The defendant contends that he was denied a fair trial because of “domination of the child witness by the district attorney.” Defendant points to leading questions by the district attorney and various methods the prosecutor used to elicit answers from the child. Although defendant objected to several leading questions, he did not object to other behavior of which he now complains. Indeed, in the hearing on the motion, defendant’s attorney revealed that his failure to object was a tactical decision calculated to portray the child witness as susceptible to adult domination. Defendant cannot now complain since his chosen course results in a waiver of his right to assert error on appeal.
 It is true that the prosecutor used leading questions in examining the witness. Leading questions are necessary and permitted on direct examination when a “witness has difficulty in understanding the question because of immaturity, age, infirmity or ignorance or when the inquiry is into a subject of delicate nature such as sexual matters.” State v. Greene, 285 N.C. 482, 492, 206 S.E. 2d 229, 236 (1974). Furthermore, rulings by the trial court on the use of leading questions are discretionary and reversible only for abuse of discretion. State v. Smith, 290 N.C. 148, 226 S.E. 2d 10, cert. denied, 429 U.S. 932 (1976).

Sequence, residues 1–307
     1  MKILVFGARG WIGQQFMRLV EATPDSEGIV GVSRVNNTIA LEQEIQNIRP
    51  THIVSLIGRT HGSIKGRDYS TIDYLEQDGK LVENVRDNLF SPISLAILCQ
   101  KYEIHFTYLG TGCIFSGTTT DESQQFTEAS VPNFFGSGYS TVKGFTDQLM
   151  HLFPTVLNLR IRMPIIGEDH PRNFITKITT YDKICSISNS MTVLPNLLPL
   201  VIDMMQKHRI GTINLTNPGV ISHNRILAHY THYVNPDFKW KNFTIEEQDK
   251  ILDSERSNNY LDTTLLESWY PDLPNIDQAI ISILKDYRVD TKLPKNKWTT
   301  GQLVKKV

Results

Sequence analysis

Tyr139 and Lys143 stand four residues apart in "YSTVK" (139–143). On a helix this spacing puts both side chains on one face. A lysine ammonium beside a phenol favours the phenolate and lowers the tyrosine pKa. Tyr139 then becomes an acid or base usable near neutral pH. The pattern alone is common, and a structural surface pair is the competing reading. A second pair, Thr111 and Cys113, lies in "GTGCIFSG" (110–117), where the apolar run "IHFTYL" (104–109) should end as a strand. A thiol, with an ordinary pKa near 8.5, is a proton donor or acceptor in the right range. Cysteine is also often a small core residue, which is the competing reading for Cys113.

*768It is clear that the child was required to testify about matters of a most delicate nature. It is equally clear that because of her age, she had difficulty understanding the questions posed to her by trial counsel. In allowing the district attorney to examine the witness with leading questions, we find that the trial court did not abuse its discretion. See State v. Stanley, 310 N.C. 353, 312 S.E. 2d 482 (1984) (trial court did not abuse discretion in permitting leading questions of a six-year-old witness concerning sexual matters).
 Defendant next contends that the trial court improperly admitted certain testimony of Ms. Morrell, the mother of Cassandra. Ms. Morrell testified that upon her return from her mountain trip, Cassandra told her about defendant’s sexual conduct. Ms. Morrell was permitted for purposes of corroboration to relate what Cassandra had said to her: